The Associated Press is one of the most consistent sources of left-wing media bias. Today, AP reporter Dafna Linzer, who has for some months mounted a one-person attack on President Bush, specializing in Iraq’s “missing” weapons of mass destruction, authored this piece: “No Evidence Iraq Stockpiled Smallpox”. The article reports the conclusion of a three-month search for weaponized smallpox in Iraq which, thankfully, didn’t find any.
On its face, the fact that smallpox germs are apparently not floating around Iraq would seem to be cause for relief if not rejoicing; but in the twisted world of the Associated Press, this good news has only one significance: it represents an opportunity to attack the Bush administration.
Of course, Bush never said that Saddam was cultivating smallpox; but the AP never lets small details like this get in the way. Linzer writes:
“The negative smallpox findings reported to U.S. intelligence agencies come nearly six months after the administration went to war to disarm Iraq of weapons of mass destruction that Saddam long denied having and the military hasn’t been able to find.” Just in case anyone missed the point. Saddam was innocent! But that’s not all: “Smallpox fears were part of the case the Bush administration used to build support for invading Iraq,” Linzer says. Actually, here is what President Bush said on the subject of biological warfare in his speech on the danger posed by Iraq, delivered on October 7, 2002:
“In 1995, after several years of deceit by the Iraqi regime, the head of Iraq’s military industries defected. It was then that the regime was forced to admit that it had produced more than 30,000 liters of anthrax and other deadly biological agents. The inspectors, however, concluded that Iraq had likely produced two to four times that amount. This is a massive stockpile of biological weapons that has never been accounted for, and capable of killing millions. We know that the regime has produced thousands of tons of chemical agents, including mustard gas, sarin nerve gas, VX nerve gas.” So: anthrax, yes; mustard gas, yes; sarin and VX, yes. No mention of smallpox. Actually, Bush’s speech is still up on the White House web site. Reporters should refer to it from time to time.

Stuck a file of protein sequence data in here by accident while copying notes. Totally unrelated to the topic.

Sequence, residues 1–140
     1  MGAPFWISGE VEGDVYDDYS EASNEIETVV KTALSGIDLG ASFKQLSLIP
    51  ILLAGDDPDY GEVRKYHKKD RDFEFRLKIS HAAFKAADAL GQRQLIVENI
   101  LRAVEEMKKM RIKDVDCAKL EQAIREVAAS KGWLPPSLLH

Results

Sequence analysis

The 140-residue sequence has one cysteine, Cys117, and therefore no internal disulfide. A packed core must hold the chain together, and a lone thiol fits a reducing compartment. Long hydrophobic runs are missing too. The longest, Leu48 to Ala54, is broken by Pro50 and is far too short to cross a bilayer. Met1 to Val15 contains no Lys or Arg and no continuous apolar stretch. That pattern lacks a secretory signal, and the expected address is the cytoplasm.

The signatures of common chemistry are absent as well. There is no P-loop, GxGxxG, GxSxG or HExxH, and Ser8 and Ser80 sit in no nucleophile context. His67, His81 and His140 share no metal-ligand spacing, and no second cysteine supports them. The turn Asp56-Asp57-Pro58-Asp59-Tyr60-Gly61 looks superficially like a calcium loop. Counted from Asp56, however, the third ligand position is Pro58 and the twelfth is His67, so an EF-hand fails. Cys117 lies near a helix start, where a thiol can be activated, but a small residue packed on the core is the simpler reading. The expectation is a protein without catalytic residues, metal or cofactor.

The only Bush administration official actually cited by the AP as hyping the danger of Iraqi smallpox is Vice President Cheney: “On Sunday, Cheney said two trailers discovered in Iraq could have been used to make smallpox. The vice president referred to the trailers as ‘mobile biological facilities’ – a characterization that has been disputed by intelligence analysts within two U.S. government agencies that believe the trailers were used to fill weather balloons.” In fact, both the CIA and DIA have said they are convinced the trailers were designed to produce biological toxins. The dissenting, “weather balloon” theory comes from a minuscule intelligence group working within the State Department, which has a history of being as anti-Republican as the Associated Press.
And what Cheney actually said was that the mobile labs “can be used to produce anthrax or smallpox or whatever else you wanted to use during the course of developing a capacity for an attack.” So the apparent absence of stocks of smallpox is not at all inconsistent with Cheney’s characterization.
Despite having written the smallpox article for the sole purpose of trying to discredit President Bush, Linzer can’t help acknowledging facts which negate the political point of the article. Such as:
“Some Iraqi scientists interviewed clearly had the know-how and expertise to produce smallpox, honed through years of work with similar viruses….U.N. inspectors suspected Iraq could have been working on smallpox or already had it. There was an outbreak of smallpox in the country in 1972, and Iraq admitted it had been producing the vaccine into the 1980s….Tests on Iraqi soldiers captured during the 1991 Gulf War found that some had been vaccinated for smallpox. And Iraq admitted to U.N. inspectors in the 1990s that its biological weapons scientists worked with camelpox, a close relative of the smallpox virus. Working with camelpox would give Iraq a way to perfect techniques for making smallpox without endangering the researchers.”
Oh. Okay. So the bottom line is that Iraq had unquestionably produced smallpox toxins in the past and had, up until the beginning of the last war, both the technical expertise and the physical capacity to produce smallpox germs. And this is an argument for why we should have left Saddam Hussein in power?
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